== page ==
The Importance of Soul Food

A Black History Month Celebration of Southern Cooking

Cover of  'Spoonbread and Strawberry Wine: Recipes and Reminiscences of a Family.'

Norma Jean Darden's book 'Spoonbread and Strawberry Wine: Recipes and Reminiscences of a Family' features family recipes. hide caption

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Cover of 'Vertamae Cooks in The Americas' Family Kitchen'

Vertamae Grosvenor's book of Afro-Atlantic recipes, 'Vertamae Cooks in The Americas' Family Kitchen'. hide caption

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Black-eyed peas, rice, yams, greens, okra and cornbread. To commemorate Black History Month, Talk of the Nation looks at the story of African Americans through the lens of southern cooking, often known as soul food.

The very fact that certain foods are even on the menu in most American restaurants today tells a story of how Africans came to this country and what happened when they got here. The discussion also covers how Southern cooking has come to be known by some as soul food, what that means and what it doesn't, and how the term "soul food" has come to mean more than just food.

Discussing the importance of soul food and family cooking are NPR's Vertamae Grosvenor, author of Vertamae Cooks in the Americas' Family Kitchen, and Norma Jean Darden, co-author of Spoonbread and Strawberry Wine: Recipes and Reminiscences from a Black Family and the owner of the Harlem eateries Spoonbread Too: Miss Mamie's and Miss Maude's.

Below are recipes from Grosvenor and Darden.

Southern Fried Chicken

(From Spoonbread and Strawberry Wine by Norma Jean and Carole Darden)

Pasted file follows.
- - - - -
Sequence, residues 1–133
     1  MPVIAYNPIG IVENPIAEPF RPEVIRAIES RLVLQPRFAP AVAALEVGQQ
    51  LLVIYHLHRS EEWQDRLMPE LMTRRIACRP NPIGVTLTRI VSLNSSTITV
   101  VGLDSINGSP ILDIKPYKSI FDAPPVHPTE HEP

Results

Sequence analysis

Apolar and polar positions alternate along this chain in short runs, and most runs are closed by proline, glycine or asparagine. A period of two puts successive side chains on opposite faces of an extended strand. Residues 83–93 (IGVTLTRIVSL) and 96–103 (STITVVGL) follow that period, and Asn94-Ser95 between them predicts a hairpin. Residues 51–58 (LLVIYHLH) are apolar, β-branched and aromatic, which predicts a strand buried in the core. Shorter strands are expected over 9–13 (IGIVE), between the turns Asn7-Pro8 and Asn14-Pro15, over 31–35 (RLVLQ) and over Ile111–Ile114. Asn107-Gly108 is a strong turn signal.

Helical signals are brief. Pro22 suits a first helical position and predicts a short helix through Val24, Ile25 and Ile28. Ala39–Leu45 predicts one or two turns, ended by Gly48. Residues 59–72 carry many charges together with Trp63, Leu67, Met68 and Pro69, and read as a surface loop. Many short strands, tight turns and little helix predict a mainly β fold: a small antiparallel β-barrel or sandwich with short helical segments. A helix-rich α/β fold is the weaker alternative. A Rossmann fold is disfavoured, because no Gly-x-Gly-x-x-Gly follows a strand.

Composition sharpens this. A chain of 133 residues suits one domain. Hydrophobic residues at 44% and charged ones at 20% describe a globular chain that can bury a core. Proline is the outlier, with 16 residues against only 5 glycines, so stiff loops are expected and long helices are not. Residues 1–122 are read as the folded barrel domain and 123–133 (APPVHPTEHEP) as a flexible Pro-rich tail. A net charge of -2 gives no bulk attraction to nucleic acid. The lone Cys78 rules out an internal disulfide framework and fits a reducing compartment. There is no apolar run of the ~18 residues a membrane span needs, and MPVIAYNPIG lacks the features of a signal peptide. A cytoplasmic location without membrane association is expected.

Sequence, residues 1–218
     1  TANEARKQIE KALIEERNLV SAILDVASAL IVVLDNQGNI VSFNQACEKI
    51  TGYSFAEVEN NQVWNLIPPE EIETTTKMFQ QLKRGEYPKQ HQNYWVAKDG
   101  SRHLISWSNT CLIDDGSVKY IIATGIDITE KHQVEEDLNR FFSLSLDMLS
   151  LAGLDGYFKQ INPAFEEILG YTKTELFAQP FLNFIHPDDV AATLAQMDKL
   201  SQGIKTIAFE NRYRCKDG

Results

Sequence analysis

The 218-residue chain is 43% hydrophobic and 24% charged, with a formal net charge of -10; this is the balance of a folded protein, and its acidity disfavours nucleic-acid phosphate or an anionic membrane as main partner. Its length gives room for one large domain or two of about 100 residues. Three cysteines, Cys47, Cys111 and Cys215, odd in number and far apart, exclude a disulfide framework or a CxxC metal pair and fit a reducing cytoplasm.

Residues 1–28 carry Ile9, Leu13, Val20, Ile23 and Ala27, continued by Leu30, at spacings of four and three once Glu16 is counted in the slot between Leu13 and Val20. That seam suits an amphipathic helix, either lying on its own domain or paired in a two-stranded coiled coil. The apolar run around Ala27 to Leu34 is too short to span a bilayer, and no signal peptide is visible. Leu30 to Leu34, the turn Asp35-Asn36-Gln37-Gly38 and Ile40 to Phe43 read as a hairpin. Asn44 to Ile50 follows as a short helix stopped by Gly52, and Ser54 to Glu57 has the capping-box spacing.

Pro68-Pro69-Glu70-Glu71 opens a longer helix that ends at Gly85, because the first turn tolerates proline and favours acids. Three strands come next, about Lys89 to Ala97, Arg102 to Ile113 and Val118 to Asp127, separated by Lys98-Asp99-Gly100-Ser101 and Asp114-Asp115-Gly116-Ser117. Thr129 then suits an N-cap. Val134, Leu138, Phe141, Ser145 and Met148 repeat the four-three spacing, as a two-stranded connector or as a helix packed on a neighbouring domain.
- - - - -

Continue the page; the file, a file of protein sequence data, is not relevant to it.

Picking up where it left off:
One 2 ½- to 3-pound chicken, cut into serving pieces.

Salt and pepper to suit taste

One 3-pound can solid vegetable shortening

In a brown paper or plastic bag place:

1 cup flour

1 teaspoon paprika

1 teaspoon dry mustard

½ teaspoon grated nutmeg

½ teaspoon garlic powder

Wash the chicken pieces in cold water, leaving some moisture. Sprinkle with salt and pepper. Place a few pieces of chicken at a time in bag and shake until evenly coated. Melt the vegetable shortening in a Dutch oven or large skillet. If the fat sizzles when a drop of water hits it, drop in the coated chicken pieces. Fry until golden brown, then drain on paper towels.

Make 4 servings

Spoonbread

(From Spoonbread and Strawberry Wine by Norma Jean and Carole Darden)

1 cup yellow cornmeal

2 cups boiling water

3 tablespoons butter

1 teaspoon salt

3 large eggs, well beaten

1 cup milk

Preheat oven to 375°. Slowly add cornmeal to the boiling water, stirring constantly until thick and smooth. Add butter and salt and cool to lukewarm. Then add eggs and milk. Beat for 2 minutes, then pour into greased casserole dish and bake for 35 minutes or until golden brown. Spoon out while piping hot and pass the butter!

Makes 8 servings

South Carolina Shrimp Perlou

(From Vertamae Cooks in the Americas' Family Kitchen by Vertamae Grosvenor)

1 pound medium-sized shrimp

2 ½ cups water

2 tablespoons favorite crab boil

1 small yellow onion

3 cloves garlic

2 tomatoes

3 thick slices bacon

1 cup long-grain white rice

Salt and ground black pepper to taste

Peel the shrimp, reserving the shells. Make a shallow incision along the back of each shrimp and lift out and discard the vein-like tract. Cover and refrigerate the shrimp.

Place the shrimp shells in a saucepan and add the water and the crab boil seasoning. Bring to a boil, reduce the heat to medium-low, and simmer, uncovered for 15 minutes. Remove from the heat and strain the stock through a fine-mesh sieve into a measuring pitcher; you should have 2 cups. Set the stock aside.

Meanwhile, chop the onion and mince the garlic. Peel and chop the tomatoes. In a heavy skillet over medium-high heat, cook the bacon until crisp, 3 to 5 minutes. Using a slotted spoon, remove the paper towels to drain. Add the onion, garlic, and rice to the bacon drippings remaining in the skillet and cook, stirring frequently, until all the ingredients are coated with the oil and rice kernels are beginning to turn opaque, 3 to 4 minutes.

Add the tomatoes, salt, pepper, and the reserved 2 cups stock. Bring to a boil over medium-high heat, reduce the heat to low, cover, and cook until the liquid is nearly absorbed, 20 to 30 minutes.

Stir in the shrimp, re-cover, and cook until the shrimp turn pink and the liquid is fully absorbed, 5 to 8 minutes. Transfer to a serving dish, crumble the bacon over the top, and serve.

Makes 6 servings

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